Bison Killsites and Carnivore Utilization: A Discussion of Prehistoric Human Impacts to Scavenging Carnivores and the Implications for Conservation Management
Author(s): Chrissina Burke
Zooarchaeologists have commonly employed analyses concerning only site formation processes when studying carnivore modification and utilization to North American faunal assemblages. Yet, such processes are rarely discussed beyond descriptions of the presence of tooth marks or overall percentages of elements with modifications. Additionally, limited discussion has occurred with regards to the implications of these data on how humans and carnivores interacted in the past. In this paper, I address this deficit with the results of a study in which I analyzed eight bison bonebeds from Wyoming and Colorado for degree of carnivore utilization and identification of the carnivores responsible for utilization. These data are discussed in the context of human-carnivore relationships to explore how understanding the degree of carnivore utilization in zooarchaeological assemblages can assist with creating a holistic perspective on the connections between humans and the environment for future applications to conservation management.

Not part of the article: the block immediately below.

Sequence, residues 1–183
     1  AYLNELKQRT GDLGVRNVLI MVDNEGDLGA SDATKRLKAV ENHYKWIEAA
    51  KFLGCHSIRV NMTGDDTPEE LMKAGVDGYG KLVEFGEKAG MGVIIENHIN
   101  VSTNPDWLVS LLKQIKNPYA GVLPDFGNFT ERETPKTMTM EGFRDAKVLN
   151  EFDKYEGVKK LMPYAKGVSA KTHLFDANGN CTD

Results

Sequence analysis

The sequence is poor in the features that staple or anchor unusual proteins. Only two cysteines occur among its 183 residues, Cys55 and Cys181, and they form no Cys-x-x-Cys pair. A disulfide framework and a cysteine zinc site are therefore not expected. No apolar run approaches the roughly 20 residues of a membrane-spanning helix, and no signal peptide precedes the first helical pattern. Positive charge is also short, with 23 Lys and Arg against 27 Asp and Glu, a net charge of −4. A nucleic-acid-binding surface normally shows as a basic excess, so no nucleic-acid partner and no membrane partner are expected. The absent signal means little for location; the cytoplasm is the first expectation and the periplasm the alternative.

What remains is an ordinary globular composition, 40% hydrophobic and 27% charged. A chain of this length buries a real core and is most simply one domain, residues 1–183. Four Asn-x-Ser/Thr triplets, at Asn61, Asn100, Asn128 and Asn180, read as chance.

SAA 2015 abstracts made available in tDAR courtesy of the Society for American Archaeology and Center for Digital Antiquity Collaborative Program to improve digital data in archaeology. If you are the author of this presentation you may upload your paper, poster, presentation, or associated data (up to 3 files/30MB) for free. Please visit http://www.tdar.org/SAA2015 for instructions and more information.
This Resource is Part of the Following Collections
- From Taphonomy to Human Ecology: Papers in Honor of Gary Haynes •
- Society for American Archaeology 80th Annual Meeting, San Francisco, CA (2015)
Cite this Record
Bison Killsites and Carnivore Utilization: A Discussion of Prehistoric Human Impacts to Scavenging Carnivores and the Implications for Conservation Management. Chrissina Burke. Presented at The 80th Annual Meeting of the Society for American Archaeology, San Francisco, California. 2015 ( tDAR id: 394951)
North America - Plains
min long: -113.95; min lat: 30.751 ; max long: -97.163; max lat: 48.865 ;